ICASSP 2015 Recap

By: , Posted on: May 18, 2015


This year, the flagship conference for Signal Processing, ICASSP-2015, was in the beautiful city of Brisbane, Australia.  As in other years, many of the leading scientists, researchers, and students came together to share ideas and present their work. I was one of the lucky ones who made it to the conference and had the opportunity to learn about the latest developments in research and science. I would like to give you a small snapshot of what I have found as some of the promising fields in signal processing, reflecting my area of interest in direction-of-arrival-estimation (DOA), beamforming and localization in which I have worked for more than 10 years as a researcher and professor at Middle East Technical University, and as a practicing engineer at ATARGET.

Massive MIMO is becoming an essential element of wireless communication and one of the hottest topics in recent years. It has been pointed out that in two years, two billion wireless devices compatible with IEEE 802.11ad standard will be in use. IEEE 802.11ad supports 7 Gbits/s rate at 60 GHz. In addition, beamforming is used for robust communication by employing a large array of antennas (hence Massive MIMO). Since these devices have small form factor and computational/power resources, simple signal processing algorithms should be implemented. The challenge is discovering efficient algorithms for DOA estimation, beamforming and communication techniques that will work with limited computational resources.  Obviously developing simple but effective algorithms requires ingenuity and hard work.

Millimeter-wave (mm-wave) communications is another topic which draws a lot of attention due to its promise for delivering large chunks of bandwidth.   An interesting combination is mm-wave MIMO systems. Research in this area indicates that mm-wave communication cannot be performed without the help of beamforming since the SNR before the array gain is as low as -30dB; therefore, mm-wave systems will have limited power and computational resources. Hence simple beamforming and signal processing schemes should be employed for such devices.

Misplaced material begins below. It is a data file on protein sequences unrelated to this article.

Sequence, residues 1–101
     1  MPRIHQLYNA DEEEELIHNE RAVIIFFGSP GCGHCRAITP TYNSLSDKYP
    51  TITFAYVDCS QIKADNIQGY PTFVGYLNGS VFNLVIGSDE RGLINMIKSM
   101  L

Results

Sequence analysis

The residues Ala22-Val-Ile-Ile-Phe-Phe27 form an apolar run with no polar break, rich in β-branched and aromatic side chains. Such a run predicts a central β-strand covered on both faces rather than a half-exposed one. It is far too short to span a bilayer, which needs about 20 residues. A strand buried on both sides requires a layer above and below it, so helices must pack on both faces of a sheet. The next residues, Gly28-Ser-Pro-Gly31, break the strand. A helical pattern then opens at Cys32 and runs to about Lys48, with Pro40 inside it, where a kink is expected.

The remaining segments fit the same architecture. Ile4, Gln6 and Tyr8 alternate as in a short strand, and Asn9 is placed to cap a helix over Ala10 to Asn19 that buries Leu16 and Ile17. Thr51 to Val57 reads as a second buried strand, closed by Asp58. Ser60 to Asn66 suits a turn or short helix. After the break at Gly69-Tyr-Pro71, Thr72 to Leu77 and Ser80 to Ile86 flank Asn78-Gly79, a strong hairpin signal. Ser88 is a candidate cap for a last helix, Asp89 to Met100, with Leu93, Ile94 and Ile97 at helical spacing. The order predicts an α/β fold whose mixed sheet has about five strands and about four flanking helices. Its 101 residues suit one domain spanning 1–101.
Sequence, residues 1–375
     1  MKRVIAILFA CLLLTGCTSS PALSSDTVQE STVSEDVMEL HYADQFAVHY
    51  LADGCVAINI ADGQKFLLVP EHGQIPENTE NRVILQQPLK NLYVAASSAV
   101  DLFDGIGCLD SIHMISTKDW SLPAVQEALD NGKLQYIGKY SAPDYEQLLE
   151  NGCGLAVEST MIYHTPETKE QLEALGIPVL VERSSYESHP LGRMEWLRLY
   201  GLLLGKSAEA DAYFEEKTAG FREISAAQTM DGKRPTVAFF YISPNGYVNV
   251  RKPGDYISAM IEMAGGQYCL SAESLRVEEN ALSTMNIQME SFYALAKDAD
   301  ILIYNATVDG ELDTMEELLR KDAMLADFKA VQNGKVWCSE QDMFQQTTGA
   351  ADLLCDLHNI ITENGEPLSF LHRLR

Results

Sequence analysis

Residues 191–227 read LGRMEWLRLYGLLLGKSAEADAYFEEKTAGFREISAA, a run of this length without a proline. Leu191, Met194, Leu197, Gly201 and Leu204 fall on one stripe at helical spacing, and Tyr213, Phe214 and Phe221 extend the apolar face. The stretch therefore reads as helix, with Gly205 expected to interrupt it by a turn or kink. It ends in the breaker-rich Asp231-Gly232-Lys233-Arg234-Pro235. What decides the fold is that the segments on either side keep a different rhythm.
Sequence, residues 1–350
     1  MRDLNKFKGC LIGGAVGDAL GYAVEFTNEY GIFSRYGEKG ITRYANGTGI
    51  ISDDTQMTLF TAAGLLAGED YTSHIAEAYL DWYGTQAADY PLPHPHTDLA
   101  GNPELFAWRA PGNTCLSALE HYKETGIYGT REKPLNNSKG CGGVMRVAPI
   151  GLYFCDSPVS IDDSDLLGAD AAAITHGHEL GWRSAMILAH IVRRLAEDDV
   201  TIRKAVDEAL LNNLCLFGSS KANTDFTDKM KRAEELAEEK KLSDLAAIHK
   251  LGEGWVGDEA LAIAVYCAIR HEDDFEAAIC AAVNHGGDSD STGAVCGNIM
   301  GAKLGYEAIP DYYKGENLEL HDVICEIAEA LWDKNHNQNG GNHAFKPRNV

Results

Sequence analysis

At ICASSP 2015 there were several sessions devoted to DOA estimation, beamforming, and localization with applications in communications, radar, sonar, audio, and speech. I believe that this trend will continue for some time as the market drivers, including the development of 5G communication systems, influences researchers to develop innovative solutions. I am happy to see, therefore, that the book I edited with Benjamin Friedlander is still relevant and is a good resource for anybody who would like to learn about the fundamentals in DOA estimation, beamforming and localization.

See the carousel below for photographs taken at the event including more Elsevier authors and the staff at the booth:

About the Author:

TuncerTemel Engin Tuncer is a Professor in Electrical and Electronics Engineering Department of Middle East Technical University, Ankara, Turkey. His research is focused on sensor array and multichannel signal processing, statistical signal processing and communications. He has a comprehensive experience in direction finding and localization systems. His recent research focuses on beamforming in multi-antenna wireless systems. He is currently the director of the Sensor Array and Multichannel Signal Processing Laboratory in METU and also founded the company ATARGET, acting as the general manager.

classical and modern directionClassical and Modern Direction-of-Arrival Estimation is the only book to give an accessible and comprehensive introduction to both classical and modern direction-of-arrival estimation methods. Perfect for: Signal processing researchers, R&D engineers, systems designers and implementers and graduate students.

Use discount code “STC215” at checkout on the Elsevier Store and save up to 30% on your very own copy!

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